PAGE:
The BikeSphere smart light detects dangers between biker and driver

How can you use technology to improve the relationship between cyclists and automobiles?

A recent Michelin bike safety study showed that one in five drivers fail to give cyclists adequate room on the road. To help address this, a team of creatives and technologists—led by WYSIWYG + NURUN CTO Charly Rodriguez—used a proximity detector, light sensors, lasers and a 3D-printed orb to create BikeSphere, the first product to come out of Michelin’s Trendy Drivers bike safety program. 

Sitting at the front of the cycle, BikeSphere is used as a traditional light during the day. As night approaches, it projects a single red ring of light that indicates the safe distance area around the cycle. If an auto gets too close to this zone, the proximity sensor triggers the unit to increase the size, intensity and rotation speed of the light, alerting both cyclist and driver of the imminent danger, giving each time to react.

From idea to prototype

Many of the team’s designers are bike riders who wanted to see how technology could improve safety. They started with wearables and garments—products that already exist—and moved to the current projection-based model. The smart light project will soon be open source, and all these components can be easily purchased and plans will be available to download for 3D printing:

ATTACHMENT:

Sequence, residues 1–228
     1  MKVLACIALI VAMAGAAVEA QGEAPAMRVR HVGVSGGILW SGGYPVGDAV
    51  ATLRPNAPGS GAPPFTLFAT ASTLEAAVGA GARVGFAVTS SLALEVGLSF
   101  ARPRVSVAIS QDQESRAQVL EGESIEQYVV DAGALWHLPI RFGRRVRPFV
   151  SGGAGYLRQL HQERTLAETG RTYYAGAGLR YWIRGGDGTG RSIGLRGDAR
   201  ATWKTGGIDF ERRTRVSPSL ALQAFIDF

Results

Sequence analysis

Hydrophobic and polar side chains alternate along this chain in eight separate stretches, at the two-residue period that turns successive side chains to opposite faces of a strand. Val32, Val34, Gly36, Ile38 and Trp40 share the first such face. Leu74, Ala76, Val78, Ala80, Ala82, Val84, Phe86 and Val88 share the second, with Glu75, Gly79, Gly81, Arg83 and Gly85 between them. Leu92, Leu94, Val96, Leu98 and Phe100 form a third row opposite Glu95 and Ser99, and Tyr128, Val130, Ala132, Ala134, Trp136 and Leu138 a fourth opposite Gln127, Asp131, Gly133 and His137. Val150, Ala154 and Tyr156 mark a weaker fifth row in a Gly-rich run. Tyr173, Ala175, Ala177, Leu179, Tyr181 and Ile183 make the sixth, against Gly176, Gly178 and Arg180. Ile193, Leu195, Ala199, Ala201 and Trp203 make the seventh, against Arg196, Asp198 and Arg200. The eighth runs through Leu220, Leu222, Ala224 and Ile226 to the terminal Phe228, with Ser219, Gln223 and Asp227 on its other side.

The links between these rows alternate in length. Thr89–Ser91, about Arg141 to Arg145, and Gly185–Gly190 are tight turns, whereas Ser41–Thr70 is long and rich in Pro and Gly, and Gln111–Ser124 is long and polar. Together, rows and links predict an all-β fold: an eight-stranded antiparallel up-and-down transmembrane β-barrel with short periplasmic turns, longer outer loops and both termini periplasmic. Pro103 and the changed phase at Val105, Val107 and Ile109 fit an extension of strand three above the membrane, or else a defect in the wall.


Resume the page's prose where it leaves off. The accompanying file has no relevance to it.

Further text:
• 16 PL-series miniature laser diode modules
  • 3 Arduino Pro Minis
  • 2 laser controllers
  • 2 Maxbotix proximity sensors
  • 2 L928B motor controllers
  • 1 Xiaomi 10000mah power bank

Take a look at the team's process:

I love how the team used simple components and technology to solve a common problem and looking forward to see how it advances. Things like sounds, bike-to-bike or bike-to-auto communication could become useful add-ons to this already great idea.

Eric Grant (@ericgrant) is Creative Director for the SapientRazorfish Emerging Experiences team, based out of our New York office.